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The simplicity of metazoan cell lineages


Developmental processes are thought to be highly complex, but there have been few attempts to measure and compare such complexity across different groups of organisms1,2,3,4,5. Here we introduce a measure of biological complexity based on the similarity between developmental and computer programs6,7,8,9. We define the algorithmic complexity of a cell lineage as the length of the shortest description of the lineage based on its constituent sublineages9,10,11,12,13. We then use this measure to estimate the complexity of the embryonic lineages of four metazoan species from two different phyla. We find that these cell lineages are significantly simpler than would be expected by chance. Furthermore, evolutionary simulations show that the complexity of the embryonic lineages surveyed is near that of the simplest lineages evolvable, assuming strong developmental constraints on the spatial positions of cells and stabilizing selection on cell number. We propose that selection for decreased complexity has played a major role in moulding metazoan cell lineages.

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Figure 1: Example of the calculation of cell lineage complexity.
Figure 2: Metazoan embryonic cell lineages are simpler than expected by chance.
Figure 3: The simplicity of the ascidian cell lineage.
Figure 4: Metazoan cell lineages are not as simple as they could be.

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We thank S. Emmons, Y. Fofanov, D. Graur, D. Portman, T. Shin, S. Srinivasan and M. Travisano for discussions. Z. Altun and D. Hall gave advice on the classification of C. elegans cells. The Sun Microsystems Center of Excellence in the Geosciences at the University of Houston provided access to high-performance computing resources. The Foundation for Science and Technology (Portugal), European Molecular Biology Organization, Biotechnology and Biological Sciences Research Council (UK), and the University of Houston provided financial support.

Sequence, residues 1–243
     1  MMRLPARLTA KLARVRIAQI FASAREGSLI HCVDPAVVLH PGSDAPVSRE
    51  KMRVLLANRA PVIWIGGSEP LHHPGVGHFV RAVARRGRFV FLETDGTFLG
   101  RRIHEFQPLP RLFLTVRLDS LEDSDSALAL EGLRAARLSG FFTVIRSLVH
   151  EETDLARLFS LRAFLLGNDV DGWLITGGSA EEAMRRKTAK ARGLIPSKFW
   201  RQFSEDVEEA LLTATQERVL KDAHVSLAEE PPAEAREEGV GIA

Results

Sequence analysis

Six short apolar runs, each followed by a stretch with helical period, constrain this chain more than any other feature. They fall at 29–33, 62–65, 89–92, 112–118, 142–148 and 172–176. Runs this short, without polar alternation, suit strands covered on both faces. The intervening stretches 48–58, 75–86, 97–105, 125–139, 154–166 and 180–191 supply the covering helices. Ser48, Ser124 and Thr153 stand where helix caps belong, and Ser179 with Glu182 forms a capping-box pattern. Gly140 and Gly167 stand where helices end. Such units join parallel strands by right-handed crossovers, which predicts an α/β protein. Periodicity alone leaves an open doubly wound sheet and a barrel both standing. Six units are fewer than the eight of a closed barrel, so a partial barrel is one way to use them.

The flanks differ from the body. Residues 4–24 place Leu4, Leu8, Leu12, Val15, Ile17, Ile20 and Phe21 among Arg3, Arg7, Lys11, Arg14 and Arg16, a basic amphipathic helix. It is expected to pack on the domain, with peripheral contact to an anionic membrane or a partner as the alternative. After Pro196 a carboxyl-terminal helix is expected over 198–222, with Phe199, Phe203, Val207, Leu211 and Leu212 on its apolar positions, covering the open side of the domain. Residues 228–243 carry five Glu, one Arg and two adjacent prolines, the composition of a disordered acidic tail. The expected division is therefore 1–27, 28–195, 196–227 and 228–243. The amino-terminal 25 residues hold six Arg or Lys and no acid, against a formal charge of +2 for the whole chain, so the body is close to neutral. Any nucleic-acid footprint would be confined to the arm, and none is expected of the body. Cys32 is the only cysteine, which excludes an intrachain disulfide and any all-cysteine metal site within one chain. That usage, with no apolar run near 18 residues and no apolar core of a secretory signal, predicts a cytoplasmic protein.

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Correspondence to Ricardo B. R. Azevedo.

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Supplementary information

Supplementary Movie

The spatial positions of cells in the Pellioditis marina embryo are largely determined by the cell lineage. The movie shows a simulation of the embryonic development of P. marina based on 4D microscopy data (Supplementary Methods). Development runs for approximately 530 minutes from shortly after the third cell division (4-cell stage) until the onset of muscle contraction (571-cell stage). Initially, the embryo is viewed from the ventral side, with anterior to the left, and then rotates to a left lateral position during elongation. Cells are coloured in a gradient from red to blue corresponding to their position in the lineage diagram from left to right (Supplementary Fig. S3). Cells undergoing programmed cell death turn white and become increasingly transparent before vanishing. (MOV 2568 kb)

Supplementary Methods

Details on cell lineage data, lineage complexity metric, and software. Additional references are included. (PDF 67 kb)

Supplementary Figures S1–6

Legends and references to accompany the below figures are also included in this file. Supplementary Fig. S1: our conclusions are robust to the way in which cells are classified. Supplementary Fig. S2: distributions of the effects of mutations on the complexity and lineage positions of cells for each of the metazoan lineages. Supplementary Fig. S3: the spatial positions of cells in the P. marina embryo are determined by the cell lineage. Supplementary Fig. S4: an extremely simple lineage capable of generating the terminal cells of the Caenorhabditis elegans embryo. Supplementary Fig. S5: the constraint on cell position is modeled as a selective constraint. Supplementary Fig. S6: the spatial constraint on the evolution of lineage complexity is not caused by an indirect reduction of population size. (PDF 155 kb)

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Azevedo, R., Lohaus, R., Braun, V. et al. The simplicity of metazoan cell lineages. Nature 433, 152–156 (2005).

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